Editorial

Legislative Lowdown: The war on Republicans

Brian Darling Liberty Government Affairs

Now that Mitt Romney has locked down the nod to go against Barack Obama this fall, the left seems to have ramped up its efforts to demonize anybody who disagrees with the president’s dogma. This campaign is in its nascent stages, yet it is already getting ugly.

The left wing has been tossing mud as quickly as it can pick it up in an effort to paint Mitt Romney and all Republicans as women-haters. Look no further than the argument from the left that Republicans have engaged in a “war on women.” Media Matters, the non-profit press shop for the Obama administration, argued that Sen. Roy Blunt’s (R-MO) amendment to allow Catholic and other religious institutions to opt out of being forced to fund sterilization, contraception and abortion-inducing drugs was “anti-woman.”

The mud-slinging isn’t limited to women’s issues. President Obama called Paul Ryan’s budget plan “Social Darwinism,” implying that Republicans are dismantling the safety net in a political attack on the poor. This is merely the beginning of a long, dirty war that the left will wage to try and divert the American people’s attention from a dismal economy and soaring gas prices.

Buffett Tax Increase

The Senate is expected to vote on Sen. Sheldon Whitehouse’s (D-RI) bill, S. 2230, the “Paying a Fair Share Act of 2012,” when it comes back into session. This is legislation to implement the so-called “Buffett Rule.”

Yet a Senate vote on this bill is clearly unconstitutional. The Constitution states in Article 1, Section 7 that “All Bills for raising Revenue shall originate in the House of Representatives.” This Whitehouse bill is originating in the Senate. Senate Majority Leader Harry Reid (D-NV) won’t let that pesky provision in the Constitution stand in his way; he is expected to force a vote in an effort to paint Republicans as the defenders of the rich.

Conservatives would love to work with liberals on simplifying the tax system, but liberals seem intent on using the idea of tax reform as a pretext to raise more revenues for even more government spending. Look at the fine print of the Whitehouse bill, and you will see that a “married individual who files a separate return” at 50% of the million will pay at the new tax rate of 30%. So the “Buffett Rule” applies to single millionaires and married half-millionaires.

A Fake Senate Budget Resolution

This upcoming week, the Senate Budget Committee is going to mark up the liberal budget resolution for the year. The Senate hasn’t passed a budget resolution for the past two years and one is not expected to pass the full Senate this year. Senate Budget Committee Chairman Kent Conrad (D-ND) appears to be taking up a resolution in committee merely for show, because Senate Majority Leader Reid has stated that he will not bring a budget resolution to the Senate floor.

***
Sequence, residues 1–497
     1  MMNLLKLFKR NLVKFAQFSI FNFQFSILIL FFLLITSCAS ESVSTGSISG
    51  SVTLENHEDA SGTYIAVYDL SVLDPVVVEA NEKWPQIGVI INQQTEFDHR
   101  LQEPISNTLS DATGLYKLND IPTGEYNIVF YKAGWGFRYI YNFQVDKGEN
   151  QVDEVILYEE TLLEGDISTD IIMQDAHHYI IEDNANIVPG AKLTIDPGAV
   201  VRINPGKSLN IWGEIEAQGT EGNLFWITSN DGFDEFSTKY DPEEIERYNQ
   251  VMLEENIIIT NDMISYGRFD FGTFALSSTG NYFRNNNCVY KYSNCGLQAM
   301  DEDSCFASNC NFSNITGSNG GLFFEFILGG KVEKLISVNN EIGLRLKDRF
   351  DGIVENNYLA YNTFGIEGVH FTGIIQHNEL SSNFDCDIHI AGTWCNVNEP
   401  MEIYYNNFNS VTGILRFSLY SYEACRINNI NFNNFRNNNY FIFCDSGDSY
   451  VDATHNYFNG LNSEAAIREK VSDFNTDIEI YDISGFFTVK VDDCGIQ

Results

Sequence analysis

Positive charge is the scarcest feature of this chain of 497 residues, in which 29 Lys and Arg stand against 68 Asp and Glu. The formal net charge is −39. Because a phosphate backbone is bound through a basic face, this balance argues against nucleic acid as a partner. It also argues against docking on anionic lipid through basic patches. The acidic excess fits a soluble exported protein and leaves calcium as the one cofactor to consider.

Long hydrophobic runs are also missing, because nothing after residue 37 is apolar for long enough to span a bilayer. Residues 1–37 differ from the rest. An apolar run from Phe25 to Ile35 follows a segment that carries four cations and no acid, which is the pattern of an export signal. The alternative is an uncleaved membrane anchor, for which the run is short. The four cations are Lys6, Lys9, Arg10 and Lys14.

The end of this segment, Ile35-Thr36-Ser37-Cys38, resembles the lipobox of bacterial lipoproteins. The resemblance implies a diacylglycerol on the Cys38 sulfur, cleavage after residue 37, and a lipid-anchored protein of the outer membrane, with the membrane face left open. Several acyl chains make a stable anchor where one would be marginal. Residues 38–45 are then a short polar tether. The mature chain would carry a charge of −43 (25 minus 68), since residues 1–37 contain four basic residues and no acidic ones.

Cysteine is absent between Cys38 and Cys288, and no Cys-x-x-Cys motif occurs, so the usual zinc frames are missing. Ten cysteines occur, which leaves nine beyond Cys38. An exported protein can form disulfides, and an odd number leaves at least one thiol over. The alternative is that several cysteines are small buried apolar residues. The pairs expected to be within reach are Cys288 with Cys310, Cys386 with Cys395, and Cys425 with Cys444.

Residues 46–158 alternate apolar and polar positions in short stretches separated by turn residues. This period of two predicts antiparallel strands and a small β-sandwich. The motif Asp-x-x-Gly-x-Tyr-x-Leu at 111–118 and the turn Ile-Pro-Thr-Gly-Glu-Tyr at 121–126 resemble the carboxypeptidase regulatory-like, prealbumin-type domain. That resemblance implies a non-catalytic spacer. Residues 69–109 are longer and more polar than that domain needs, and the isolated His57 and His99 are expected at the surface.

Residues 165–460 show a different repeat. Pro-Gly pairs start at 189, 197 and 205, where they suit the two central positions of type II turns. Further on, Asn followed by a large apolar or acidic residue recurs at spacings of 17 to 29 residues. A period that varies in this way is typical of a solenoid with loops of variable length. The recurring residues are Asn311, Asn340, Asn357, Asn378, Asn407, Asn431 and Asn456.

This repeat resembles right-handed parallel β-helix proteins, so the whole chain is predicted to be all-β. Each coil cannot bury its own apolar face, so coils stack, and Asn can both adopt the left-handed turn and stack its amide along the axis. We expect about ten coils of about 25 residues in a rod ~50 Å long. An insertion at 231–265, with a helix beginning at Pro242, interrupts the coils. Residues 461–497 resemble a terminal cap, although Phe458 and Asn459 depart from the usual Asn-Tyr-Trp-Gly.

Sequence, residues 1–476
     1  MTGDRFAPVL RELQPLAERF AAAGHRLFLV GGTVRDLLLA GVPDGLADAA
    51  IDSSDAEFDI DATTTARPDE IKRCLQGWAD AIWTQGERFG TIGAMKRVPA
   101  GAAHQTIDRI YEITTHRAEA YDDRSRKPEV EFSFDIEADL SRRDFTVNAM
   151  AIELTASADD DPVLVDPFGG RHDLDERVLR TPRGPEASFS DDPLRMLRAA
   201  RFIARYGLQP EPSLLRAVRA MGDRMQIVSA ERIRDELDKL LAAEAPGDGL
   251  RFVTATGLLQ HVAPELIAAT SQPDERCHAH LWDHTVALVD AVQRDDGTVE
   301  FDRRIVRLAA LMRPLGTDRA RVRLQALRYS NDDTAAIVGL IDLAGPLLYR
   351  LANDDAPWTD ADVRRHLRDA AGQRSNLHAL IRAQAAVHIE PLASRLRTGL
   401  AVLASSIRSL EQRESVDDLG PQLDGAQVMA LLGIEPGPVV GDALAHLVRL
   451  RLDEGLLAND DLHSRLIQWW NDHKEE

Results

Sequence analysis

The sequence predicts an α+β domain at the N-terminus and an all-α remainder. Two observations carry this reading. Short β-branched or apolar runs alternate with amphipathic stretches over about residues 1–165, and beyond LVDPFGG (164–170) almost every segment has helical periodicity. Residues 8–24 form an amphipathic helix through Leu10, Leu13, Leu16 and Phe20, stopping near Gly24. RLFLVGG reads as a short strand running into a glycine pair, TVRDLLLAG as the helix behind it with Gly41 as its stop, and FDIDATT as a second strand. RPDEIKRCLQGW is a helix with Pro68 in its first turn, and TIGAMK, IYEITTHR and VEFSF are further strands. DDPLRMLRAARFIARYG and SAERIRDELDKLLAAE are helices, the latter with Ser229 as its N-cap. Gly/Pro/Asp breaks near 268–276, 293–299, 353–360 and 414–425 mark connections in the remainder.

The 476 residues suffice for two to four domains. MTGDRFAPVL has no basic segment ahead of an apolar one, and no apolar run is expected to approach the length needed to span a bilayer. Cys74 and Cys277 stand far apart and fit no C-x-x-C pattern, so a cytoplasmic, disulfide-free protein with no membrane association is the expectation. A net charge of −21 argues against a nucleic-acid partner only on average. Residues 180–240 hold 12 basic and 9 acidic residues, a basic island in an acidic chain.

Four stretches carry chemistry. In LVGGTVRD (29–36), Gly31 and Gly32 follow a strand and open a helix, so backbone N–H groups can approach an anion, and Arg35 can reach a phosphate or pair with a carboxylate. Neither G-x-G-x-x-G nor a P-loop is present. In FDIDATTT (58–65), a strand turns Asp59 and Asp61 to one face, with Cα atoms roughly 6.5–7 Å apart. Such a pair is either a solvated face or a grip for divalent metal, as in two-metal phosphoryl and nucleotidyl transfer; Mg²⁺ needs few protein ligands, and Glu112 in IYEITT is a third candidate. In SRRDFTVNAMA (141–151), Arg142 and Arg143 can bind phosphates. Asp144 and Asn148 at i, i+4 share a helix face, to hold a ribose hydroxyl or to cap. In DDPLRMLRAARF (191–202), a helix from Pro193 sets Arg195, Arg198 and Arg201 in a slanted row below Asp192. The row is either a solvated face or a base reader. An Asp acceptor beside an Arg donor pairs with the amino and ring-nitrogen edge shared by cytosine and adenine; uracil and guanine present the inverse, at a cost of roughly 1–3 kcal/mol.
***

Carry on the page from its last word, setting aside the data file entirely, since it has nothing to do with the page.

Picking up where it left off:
There may be another reason for this effort. Sens. Rand Paul of Kentucky (S. Con. Res. 39) and Pat Toomey of Pennsylvania (S. Con. Res. 37) have crafted conservative budget resolutions. The Senate parliamentarian seems to be open to allowing consideration of a budget in the Senate this year. Reid may try to use the Conrad budget as a means to block the other two pending conservative budgets.

Earmarks

Word has leaked that some Republicans want to bring back earmarks as a means to get a bloated transportation bill passed this year. Rep. Mike Rogers (R-AL) and Sen. Jim Inhofe (R-OK) have advocated for earmarking up the transportation bill. This will allow members’ votes to be purchased with projects for specific member’s districts.

The Senate has already passed a bloated $109 billion plan for two years, and the House had a five-year $260 billion plan. Some believe the only way to pass these monstrosities is to earmark them up with special projects to get just enough votes to pass the bills. Transportation programs are currently operating under a temporary 90-day extension of programs. A better idea would be to scrap both plans and devolve gas taxes and road building back to the states, where they belong.

The Violence Against “Women” Act

The pending version of the Violence Against Women Act, S.1925, applies to men. Only in Washington could politicians craft a bill to prevent violence against women that applies to men on the basis of sexual preference. If you lead an alternative lifestyle, you are covered. If you lead a traditional lifestyle and get beaten by your wife, you are out of luck.

The Constitution does not permit special-interest programs to give tax dollars to help victims of crime, yet federal politicians have seen fit to take over a responsibility better left to the states. Expect a vote on this soon, so the liberals can again demonize their opponents for hating women.

Brian Darling is a senior fellow for government studies at The Heritage Foundation. He writes a weekly “Legislative Lowdown” column for The Daily Caller.